CARROLTON, Ga. (WRBL) – Isaiah Hill is a junior at the University of West Georgia majoring in music education. He says his whose life has turned upside due to COVID-19 and he has tried to find ways to enjoy playing his instruments while balancing his schoolwork.

Last year, when UWG shut down the campus for students, many students were worried about how they were going to finish their classes and about not getting the same comprehensive education they were getting in person when classes were moved online.

“I was very skeptical when classes were online because I thought that the professors would have a hard time adjusting to online rather in person,” said Hill.  “I knew that professors were having a hard time switching from in person lecture to online but overall I think that all of them did a good job”. I think that some of the professors took some of the students’ feedback and changed the approach of how they were doing it.”

Hill says classes have been a struggle during the pandemic. As a music major, he is used to playing alongside his fellow artists and discussing music, but now they have to play outside and can only play in front of their professors in small numbers.

“Some people might not know that we still play our instruments with our masks on and even though I play the drums it is not that hard to adjust,” said Hill.  “The instrumentalists were given certain masks with holes in them, so they still play with no problem.”

Hill’s Aural skills class is a hybrid class, normally before COVID-19 it was a twice a week class. But now the professor divided the classes where half the class meets on Tuesday and other half on Thursdays says Hill.

“The class teaches students how to sing a pitch and carry a tune. The workload is not much but organization is key in order to succeed in the class,” said Hill.

Over several months, group musical performances and rehearsals, once a source of glee for millions of students, became potential hazards for students.

“I loved it when I was able to play along with my fellow classmates because sometimes, they gave me inspiration and motivation in class,” said Hill.  “Also, when I was struggling with certain pieces of music we would stay after class and practice together and help each other understand the sheet music. Fellow classmates and I help each other on Zoom or on Google Hangout so we don’t fall behind.”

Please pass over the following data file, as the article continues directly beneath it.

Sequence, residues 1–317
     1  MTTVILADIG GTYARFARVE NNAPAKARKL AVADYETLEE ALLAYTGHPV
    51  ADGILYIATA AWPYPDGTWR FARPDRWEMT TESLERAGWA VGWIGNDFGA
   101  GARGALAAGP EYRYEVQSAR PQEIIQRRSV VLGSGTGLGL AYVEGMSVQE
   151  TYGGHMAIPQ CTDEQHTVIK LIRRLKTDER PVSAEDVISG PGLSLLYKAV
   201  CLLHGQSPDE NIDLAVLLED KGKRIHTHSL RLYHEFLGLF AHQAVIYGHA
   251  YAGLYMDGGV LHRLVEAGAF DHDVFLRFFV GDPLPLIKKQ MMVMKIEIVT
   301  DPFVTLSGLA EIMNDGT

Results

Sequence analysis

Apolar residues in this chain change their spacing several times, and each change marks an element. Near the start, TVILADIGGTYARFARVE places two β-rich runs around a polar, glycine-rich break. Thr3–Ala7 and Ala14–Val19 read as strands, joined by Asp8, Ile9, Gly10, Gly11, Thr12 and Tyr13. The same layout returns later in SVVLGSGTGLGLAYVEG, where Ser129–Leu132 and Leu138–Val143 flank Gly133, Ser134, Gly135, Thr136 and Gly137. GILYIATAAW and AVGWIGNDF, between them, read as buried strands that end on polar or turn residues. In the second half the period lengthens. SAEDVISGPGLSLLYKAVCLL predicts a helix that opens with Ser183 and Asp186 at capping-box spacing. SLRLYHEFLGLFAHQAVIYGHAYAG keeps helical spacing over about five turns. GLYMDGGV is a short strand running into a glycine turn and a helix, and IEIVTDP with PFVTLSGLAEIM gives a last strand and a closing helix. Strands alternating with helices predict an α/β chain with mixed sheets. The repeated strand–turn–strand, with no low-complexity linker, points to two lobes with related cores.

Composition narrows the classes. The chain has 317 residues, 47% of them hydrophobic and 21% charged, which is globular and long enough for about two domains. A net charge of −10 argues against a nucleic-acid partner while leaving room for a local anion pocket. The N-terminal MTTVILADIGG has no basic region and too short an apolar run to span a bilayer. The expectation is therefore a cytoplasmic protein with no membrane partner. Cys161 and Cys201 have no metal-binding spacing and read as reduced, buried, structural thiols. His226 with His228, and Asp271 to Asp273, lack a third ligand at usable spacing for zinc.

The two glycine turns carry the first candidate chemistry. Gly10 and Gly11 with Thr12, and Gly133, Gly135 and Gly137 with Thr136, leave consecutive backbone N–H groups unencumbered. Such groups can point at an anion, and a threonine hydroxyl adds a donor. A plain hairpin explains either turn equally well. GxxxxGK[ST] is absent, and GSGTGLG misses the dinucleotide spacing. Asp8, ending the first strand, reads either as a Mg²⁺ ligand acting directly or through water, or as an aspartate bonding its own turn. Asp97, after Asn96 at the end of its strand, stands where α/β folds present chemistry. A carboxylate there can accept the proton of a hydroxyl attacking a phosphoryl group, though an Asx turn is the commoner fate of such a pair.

The university has many things to help students make sure everyone succeeds. The Momentum Center offers peer tutoring, supplemental instructions, drop-in academic coaching, success workshops, and a number of employment opportunities for students.

“The Momentum Center and the Center for Academic success has been a huge help to me here at UWG,” said Hill. “Even though the Momentum Center is brand new, I feel that more students should take advantage of everything it has to offer. At the Momentum Center, they have extra study rooms if all the rooms in the library are full.”

Professors across the country understand the struggles of online learning for some students and are coming up with ways to reach every student can understand and learn.

“Professors and students are becoming more accessible and extending their office hours, which is very helpful because being in the university band takes up a lot of my time and sometimes, I don’t make it to the professor’s office hours,” said Hill. “Also, professors are understanding when it comes to turning in late assignments.” 

Even though Hill still has a year left until he graduates, he is worried about finding a job after graduation.

 “Junior year is the time when I should have been getting my resume together and looking for jobs. Before COVID-19 I had a plan on the career path and job I was interested in but now I’m not so sure,” said Hill. “I hope and pray around this time next year cases will be going down so I can still graduate on time and have the career that I have always wanted.”